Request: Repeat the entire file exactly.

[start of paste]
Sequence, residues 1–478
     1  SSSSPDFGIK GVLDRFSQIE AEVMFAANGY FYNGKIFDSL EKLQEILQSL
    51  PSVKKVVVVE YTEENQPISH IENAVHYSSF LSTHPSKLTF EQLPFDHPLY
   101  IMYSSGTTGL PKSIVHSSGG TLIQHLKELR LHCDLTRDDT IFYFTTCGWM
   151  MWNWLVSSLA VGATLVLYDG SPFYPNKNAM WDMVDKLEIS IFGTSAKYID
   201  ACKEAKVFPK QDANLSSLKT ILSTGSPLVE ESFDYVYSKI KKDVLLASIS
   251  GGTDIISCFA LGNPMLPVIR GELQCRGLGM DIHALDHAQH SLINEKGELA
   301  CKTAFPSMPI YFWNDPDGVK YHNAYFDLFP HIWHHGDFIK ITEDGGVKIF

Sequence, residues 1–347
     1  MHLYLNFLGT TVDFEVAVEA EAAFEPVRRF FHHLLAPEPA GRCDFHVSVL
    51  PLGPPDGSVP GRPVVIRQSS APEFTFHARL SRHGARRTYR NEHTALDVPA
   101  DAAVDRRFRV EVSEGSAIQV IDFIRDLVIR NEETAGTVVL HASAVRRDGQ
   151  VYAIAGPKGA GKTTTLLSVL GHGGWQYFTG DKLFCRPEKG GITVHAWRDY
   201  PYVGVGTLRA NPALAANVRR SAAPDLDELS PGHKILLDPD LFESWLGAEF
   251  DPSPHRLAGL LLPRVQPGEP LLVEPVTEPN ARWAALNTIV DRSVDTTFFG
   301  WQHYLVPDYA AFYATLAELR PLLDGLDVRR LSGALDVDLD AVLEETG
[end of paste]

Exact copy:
Sequence, residues 1–478
     1  SSSSPDFGIK GVLDRFSQIE AEVMFAANGY FYNGKIFDSL EKLQEILQSL
    51  PSVKKVVVVE YTEENQPISH IENAVHYSSF LSTHPSKLTF EQLPFDHPLY
   101  IMYSSGTTGL PKSIVHSSGG TLIQHLKELR LHCDLTRDDT IFYFTTCGWM
   151  MWNWLVSSLA VGATLVLYDG SPFYPNKNAM WDMVDKLEIS IFGTSAKYID
   201  ACKEAKVFPK QDANLSSLKT ILSTGSPLVE ESFDYVYSKI KKDVLLASIS
   251  GGTDIISCFA LGNPMLPVIR GELQCRGLGM DIHALDHAQH SLINEKGELA
   301  CKTAFPSMPI YFWNDPDGVK YHNAYFDLFP HIWHHGDFIK ITEDGGVKIF

Sequence, residues 1–347
     1  MHLYLNFLGT TVDFEVAVEA EAAFEPVRRF FHHLLAPEPA GRCDFHVSVL
    51  PLGPPDGSVP GRPVVIRQSS APEFTFHARL SRHGARRTYR NEHTALDVPA
   101  DAAVDRRFRV EVSEGSAIQV IDFIRDLVIR NEETAGTVVL HASAVRRDGQ
   151  VYAIAGPKGA GKTTTLLSVL GHGGWQYFTG DKLFCRPEKG GITVHAWRDY
   201  PYVGVGTLRA NPALAANVRR SAAPDLDELS PGHKILLDPD LFESWLGAEF
   251  DPSPHRLAGL LLPRVQPGEP LLVEPVTEPN ARWAALNTIV DRSVDTTFFG
   301  WQHYLVPDYA AFYATLAELR PLLDGLDVRR LSGALDVDLD AVLEETG